CANADA FX DEBT-C$ rises to highest level of the week as oil rallies

Wed May 11, 2016 4:30pm EDT
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* Canadian dollar at C$1.2851,or 77.81 U.S. cents
    * Bond prices mixed across the maturity curve

 (Adds details, quotes, updates prices)
    TORONTO/OTTAWA, May 11 (Reuters) - The Canadian dollar
strengthened against the greenback to its highest level of the
week on Wednesday as energy prices rallied and investors
consolidated after a recent rapid decline.     
    Oil jumped after U.S. crude inventories unexpectedly fell
for the first time since March. U.S. crude prices ended
up $1.57 at $46.23 a barrel. 
    The gains in oil helped the commodity-sensitive currency
rise for the second day in a row after tumbling at the start of
the month. Still, that decline gave back only a small part of
the about 14 percent gain it made between late January and the
end of April.
    In a quiet week for domestic data and without any other
major catalysts, the Canadian dollar will likely stick to a
well-worn range of C$1.28 to C$1.3050, said Don Mikolich,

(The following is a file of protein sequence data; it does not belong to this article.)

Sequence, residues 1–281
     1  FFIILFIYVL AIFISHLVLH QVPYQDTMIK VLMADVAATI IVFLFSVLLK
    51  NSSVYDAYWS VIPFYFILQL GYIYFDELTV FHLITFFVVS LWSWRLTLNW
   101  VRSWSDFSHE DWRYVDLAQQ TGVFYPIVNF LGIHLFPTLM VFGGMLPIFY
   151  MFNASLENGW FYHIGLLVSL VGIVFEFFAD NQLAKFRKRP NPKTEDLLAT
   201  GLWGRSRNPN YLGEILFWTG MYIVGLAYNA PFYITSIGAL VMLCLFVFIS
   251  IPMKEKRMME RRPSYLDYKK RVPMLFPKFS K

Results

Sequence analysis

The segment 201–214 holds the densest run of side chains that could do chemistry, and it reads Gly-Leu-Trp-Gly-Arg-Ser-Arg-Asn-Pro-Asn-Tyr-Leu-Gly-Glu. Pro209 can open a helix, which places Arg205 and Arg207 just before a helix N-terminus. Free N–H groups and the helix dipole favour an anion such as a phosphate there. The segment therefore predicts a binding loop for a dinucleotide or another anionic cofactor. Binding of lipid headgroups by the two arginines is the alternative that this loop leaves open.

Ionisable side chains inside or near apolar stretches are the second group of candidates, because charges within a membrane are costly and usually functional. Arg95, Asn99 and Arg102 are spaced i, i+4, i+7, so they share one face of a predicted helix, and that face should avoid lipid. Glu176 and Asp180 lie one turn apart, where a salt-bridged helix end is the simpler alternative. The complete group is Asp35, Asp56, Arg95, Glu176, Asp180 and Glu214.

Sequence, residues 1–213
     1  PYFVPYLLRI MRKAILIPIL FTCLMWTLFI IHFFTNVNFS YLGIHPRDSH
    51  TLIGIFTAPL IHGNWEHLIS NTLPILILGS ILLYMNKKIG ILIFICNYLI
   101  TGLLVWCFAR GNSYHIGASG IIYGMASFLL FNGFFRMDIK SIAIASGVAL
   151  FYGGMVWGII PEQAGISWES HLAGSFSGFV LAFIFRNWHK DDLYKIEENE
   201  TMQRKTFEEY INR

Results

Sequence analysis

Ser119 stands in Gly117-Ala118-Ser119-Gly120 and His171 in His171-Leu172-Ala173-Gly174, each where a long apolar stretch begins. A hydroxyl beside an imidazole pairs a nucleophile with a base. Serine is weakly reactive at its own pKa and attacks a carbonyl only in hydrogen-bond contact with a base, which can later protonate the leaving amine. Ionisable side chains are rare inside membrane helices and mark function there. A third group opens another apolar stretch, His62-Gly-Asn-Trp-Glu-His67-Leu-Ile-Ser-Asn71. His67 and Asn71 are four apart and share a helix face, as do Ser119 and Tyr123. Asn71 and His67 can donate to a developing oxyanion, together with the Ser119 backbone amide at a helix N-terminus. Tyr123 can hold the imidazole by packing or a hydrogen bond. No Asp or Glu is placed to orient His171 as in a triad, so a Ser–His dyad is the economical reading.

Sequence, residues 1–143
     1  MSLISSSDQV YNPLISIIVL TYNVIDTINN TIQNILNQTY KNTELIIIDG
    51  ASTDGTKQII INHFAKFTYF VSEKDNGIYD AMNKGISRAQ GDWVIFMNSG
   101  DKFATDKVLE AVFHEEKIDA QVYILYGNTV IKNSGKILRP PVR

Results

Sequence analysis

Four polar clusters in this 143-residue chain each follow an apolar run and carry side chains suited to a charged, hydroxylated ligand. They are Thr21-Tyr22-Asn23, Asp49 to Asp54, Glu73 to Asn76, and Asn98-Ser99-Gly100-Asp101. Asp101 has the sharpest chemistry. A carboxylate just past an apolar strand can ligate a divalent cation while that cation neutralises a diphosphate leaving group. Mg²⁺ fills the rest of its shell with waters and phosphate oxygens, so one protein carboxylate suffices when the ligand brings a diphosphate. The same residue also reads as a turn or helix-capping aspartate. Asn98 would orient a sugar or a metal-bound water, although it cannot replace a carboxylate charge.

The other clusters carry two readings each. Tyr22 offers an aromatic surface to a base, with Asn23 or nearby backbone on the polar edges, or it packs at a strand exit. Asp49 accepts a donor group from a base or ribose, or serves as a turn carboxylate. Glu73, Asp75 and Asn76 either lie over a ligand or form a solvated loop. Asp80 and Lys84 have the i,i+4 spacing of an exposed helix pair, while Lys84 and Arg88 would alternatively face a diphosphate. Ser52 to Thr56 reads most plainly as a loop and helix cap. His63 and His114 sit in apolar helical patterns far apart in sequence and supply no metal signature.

executive director of foreign exchange sales at CIBC Capital
    "In U.S. dollar-Canadian dollar, it felt we had exhausted
the move to the top side until we see further data," said
    The Canadian dollar ended the North American
trading session at C$1.2851 to the greenback, or 77.81 U.S.
cents, stronger than Tuesday's close of C$1.2916, or 77.42 U.S.
    The currency touched a high of C$1.2829, its highest since
May 5.
    Attention was also shifting to restarting production in
Alberta's oil sands. Workers for one of the largest oil sands
companies affected by the wildfire will begin returning to
facilities on Thursday, the latest sign that production was
slowly coming back online. 
    Roughly 1 million barrels per day of output has been lost to
the fire, about half of the oil sands' usual daily production.
    The loss of production has weighed on Canada's economic
outlook. Economists say second-quarter growth may slow to a
standstill, leaving the central bank on hold. 
    Gains for the loonie came as Canada's InnVest Real Estate
Investment said that it has entered into an agreement
to be bought by Bluesky Hotels and Resorts in a transaction that
values InnVest at $2.1 billion, including debt. 
    Canadian government bond prices were mixed across the
maturity curve, with the two-year price off 1.5
Canadian cents to yield 0.537 percent and the benchmark 10-year
 up 18 Canadian cents to yield 1.297 percent.

 (Reporting by Fergal Smith in Toronto and Leah Schnurr in
Ottawa; Editing by James Dalgleish)